H is head’s not right. Mentally, he’s not in the best place. He’s distracted. Often, these are the things a football manager is required to say when another club’s courting of the star player is having the desired effect. But the excuses weren’t needed in the case of John McGinn, which seems like yet more evidence of his worth.
Right after Celtic’s interest in the Hibernian midfielder became known, McGinn declared himself up for the challenge of a pre-season friendly at Linlithgow Rose. As the Scottish champions increased their original offer, he was scoring for his team in the Faroe Islands. In the next round of Europa League qualifiers, at home to Asteras Tripolis, he was even more all-action than usual: crashing into tackles, pumping up the volume of the crowd, cajoling struggling teammates and engaging in a full and frank exchange of views with the Greeks’ crafty and melodramatic Argentine playmaker. Then, as Celtic made what was claimed to be their third and final bid before the frenetic away leg, McGinn ran his socks off again, netted again and declared his love for the Hibees before continuing his terrific early-season form against Motherwell in Sunday’s Premiership opener.
This doesn’t make McGinn unique but there are plenty in his position who don’t act in this way. They agitate. They feel a thigh strain coming on. They down tools. They’re doing this right now at other clubs, with Chelsea goalkeeper Thibaut Courtois going absent without leave on the eve of the English season in an attempt to force a move to Real Madrid.
McGinn is not some saintly being – although Hibs fans would indeed try to persuade you that he is just that – but simply a good guy and a proper professional to go with being a fine footballer. He had no intention of swinging the lead these past few weeks, by purposefully not swinging that left leg of his, because that he said would have been “disrespectful”.
As Hibs legend Pat Stanton remarked the other day, some footballers are content playing “on the fringes”; McGinn isn’t one of them. Even at a time such as this which will shape the rest of his career. There were occasions at Easter Road when he seemed to be doing the work of two, maybe three men. That’s what older fans used to say about Des Bremner when he was the electricity substation of the 1970s Hibs midfield. Bremner left Leith for Aston Villa, which it turns out is McGinn’s destination.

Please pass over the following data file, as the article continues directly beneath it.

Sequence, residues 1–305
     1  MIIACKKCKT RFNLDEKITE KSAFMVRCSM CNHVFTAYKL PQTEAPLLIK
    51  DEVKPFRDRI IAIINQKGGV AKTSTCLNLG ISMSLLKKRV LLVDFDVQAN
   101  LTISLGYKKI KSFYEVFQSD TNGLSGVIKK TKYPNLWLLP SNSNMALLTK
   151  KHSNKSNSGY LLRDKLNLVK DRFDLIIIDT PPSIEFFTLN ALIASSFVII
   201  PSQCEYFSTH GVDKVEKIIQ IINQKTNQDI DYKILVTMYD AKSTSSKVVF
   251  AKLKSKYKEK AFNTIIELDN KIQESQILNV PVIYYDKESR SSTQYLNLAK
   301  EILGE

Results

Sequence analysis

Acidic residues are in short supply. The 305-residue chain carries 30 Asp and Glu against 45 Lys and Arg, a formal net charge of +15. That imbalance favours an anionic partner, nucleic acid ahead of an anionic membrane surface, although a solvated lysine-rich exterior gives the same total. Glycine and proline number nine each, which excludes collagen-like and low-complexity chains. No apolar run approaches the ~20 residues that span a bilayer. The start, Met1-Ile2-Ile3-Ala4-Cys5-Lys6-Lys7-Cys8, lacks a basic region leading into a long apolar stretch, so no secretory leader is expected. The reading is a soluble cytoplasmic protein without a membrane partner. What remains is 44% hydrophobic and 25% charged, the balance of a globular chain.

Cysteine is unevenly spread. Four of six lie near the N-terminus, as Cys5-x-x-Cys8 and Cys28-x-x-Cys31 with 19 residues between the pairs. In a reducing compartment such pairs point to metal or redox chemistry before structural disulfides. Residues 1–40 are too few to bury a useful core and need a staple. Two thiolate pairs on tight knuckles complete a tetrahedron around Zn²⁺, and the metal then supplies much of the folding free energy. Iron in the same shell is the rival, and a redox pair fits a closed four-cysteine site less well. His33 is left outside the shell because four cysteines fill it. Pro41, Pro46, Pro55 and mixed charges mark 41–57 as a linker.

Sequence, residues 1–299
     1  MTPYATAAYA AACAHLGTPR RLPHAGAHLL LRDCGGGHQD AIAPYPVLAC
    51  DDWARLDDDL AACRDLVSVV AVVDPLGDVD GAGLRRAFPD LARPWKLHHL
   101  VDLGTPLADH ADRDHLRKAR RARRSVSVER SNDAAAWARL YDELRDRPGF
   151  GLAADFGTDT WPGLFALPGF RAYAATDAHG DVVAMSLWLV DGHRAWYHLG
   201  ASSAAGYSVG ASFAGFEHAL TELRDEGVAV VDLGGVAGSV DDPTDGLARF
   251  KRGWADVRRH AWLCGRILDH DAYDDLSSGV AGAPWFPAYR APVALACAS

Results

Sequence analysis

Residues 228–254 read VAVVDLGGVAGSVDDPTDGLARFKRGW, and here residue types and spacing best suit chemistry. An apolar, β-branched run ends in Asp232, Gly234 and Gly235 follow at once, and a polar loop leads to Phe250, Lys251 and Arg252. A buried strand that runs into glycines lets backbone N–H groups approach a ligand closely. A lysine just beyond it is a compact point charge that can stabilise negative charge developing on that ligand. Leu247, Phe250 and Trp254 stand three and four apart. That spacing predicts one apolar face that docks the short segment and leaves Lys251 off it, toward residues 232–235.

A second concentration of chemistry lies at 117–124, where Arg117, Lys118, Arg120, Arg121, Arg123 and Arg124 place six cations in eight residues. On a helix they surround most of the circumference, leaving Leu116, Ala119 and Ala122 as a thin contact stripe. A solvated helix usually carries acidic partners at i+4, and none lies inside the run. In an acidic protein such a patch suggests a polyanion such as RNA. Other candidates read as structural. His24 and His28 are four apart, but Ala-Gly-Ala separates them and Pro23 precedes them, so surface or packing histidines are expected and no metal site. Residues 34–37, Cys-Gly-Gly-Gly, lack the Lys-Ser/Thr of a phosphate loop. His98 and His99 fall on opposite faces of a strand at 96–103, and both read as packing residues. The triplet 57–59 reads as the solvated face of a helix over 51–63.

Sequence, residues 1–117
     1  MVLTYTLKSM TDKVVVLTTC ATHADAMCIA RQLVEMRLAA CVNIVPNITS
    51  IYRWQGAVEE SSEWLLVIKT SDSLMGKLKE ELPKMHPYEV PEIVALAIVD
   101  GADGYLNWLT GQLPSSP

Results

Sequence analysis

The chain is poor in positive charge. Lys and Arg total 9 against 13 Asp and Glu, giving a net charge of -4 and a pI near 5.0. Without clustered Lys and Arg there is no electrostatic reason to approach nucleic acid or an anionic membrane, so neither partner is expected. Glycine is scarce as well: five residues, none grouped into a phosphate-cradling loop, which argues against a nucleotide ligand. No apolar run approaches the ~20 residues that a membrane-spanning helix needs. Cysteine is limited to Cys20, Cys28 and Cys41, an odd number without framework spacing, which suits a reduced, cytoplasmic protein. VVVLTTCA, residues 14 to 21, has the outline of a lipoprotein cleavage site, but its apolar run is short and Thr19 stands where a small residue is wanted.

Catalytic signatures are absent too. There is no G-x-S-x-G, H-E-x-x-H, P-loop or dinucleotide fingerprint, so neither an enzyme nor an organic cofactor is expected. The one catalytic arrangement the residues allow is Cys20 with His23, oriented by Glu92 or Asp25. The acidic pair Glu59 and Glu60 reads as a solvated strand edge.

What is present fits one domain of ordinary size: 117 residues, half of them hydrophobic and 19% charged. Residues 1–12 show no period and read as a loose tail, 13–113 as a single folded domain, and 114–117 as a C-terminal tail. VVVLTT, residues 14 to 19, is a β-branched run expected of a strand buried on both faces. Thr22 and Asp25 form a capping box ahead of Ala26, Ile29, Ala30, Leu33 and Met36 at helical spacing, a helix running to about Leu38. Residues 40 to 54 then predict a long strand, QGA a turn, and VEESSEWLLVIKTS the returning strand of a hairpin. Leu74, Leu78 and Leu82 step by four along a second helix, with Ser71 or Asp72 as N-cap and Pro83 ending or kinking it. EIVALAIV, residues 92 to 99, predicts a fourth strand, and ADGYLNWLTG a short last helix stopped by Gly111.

How did that happen? There seemed an inevitability he would move to Celtic, certainly among the Parkhead faithful on social media. “He comes from a Celtic family, his grandad used to be our chairman, if he doesn’t sign now then a pre-contract in January, no problem.” Well, big problem in the end. Celtic’s complacency let in Villa, leaving manager Brendan Rodgers severely dischuffed.
The champions dithered. Their bids were too low. They may have baulked at Neil Lennon’s £5 million valuation of his hot property, but the opening gambit was derisory. “Ah, but McGinn was in the final year of his current Hibs deal.” Well, so was Stuart Armstrong who had just earned Celtic £7 million from his transfer to Southampton. Celtic seemed to want to have their biscuit and eat it. Early on their fans continued to trust this approach.
McGinn was a talent, the logic went, but one which required finessing. The man to do this was Rodgers. Hibs supporters reckoned this insulting to Alan Stubbs, to Lennon and to McGinn himself. Hadn’t the player become one of the most exciting in the Scottish game, forced his way into the national team from the second tier, without this special tuition? Villa obviously thought so. And by the end some who follow Celtic were critical of their club’s sense of entitlement, the belief that the Parkhead pull was irresistible.
McGinn has been the transfer saga of a long hot summer. He leaves a hole in the Scottish game which will no longer witness his famous charge – “Like I’m trying to chase a helicopter,” he told Villa’s TV channel on Wednesday night. The biggest hole, though, is in the Easter Road midfield.
McGinn gave good quote from the off at Hibs, revealing that for the momentous journey to Edinburgh to live on his own for the first time his mum had bought him an ironing board. It wasn’t too long before he was flattening opposition midfields, and as soon as he started doing that the fans knew he was destined for bigger things.
Today the gap in the midfield might seem like Edinburgh’s most notorious hole in the ground, the long-mooted site for an opera house. That crater was eventually filled by – wait for it – a multi-storey car park and so, for Hibs, the post-Super John McGinn era begins.
It’s the biggest challenge of Lennon’s reign thus far. But with McGinn’s bigger things not including Celtic, there are challenges for Brendan Rodgers, too.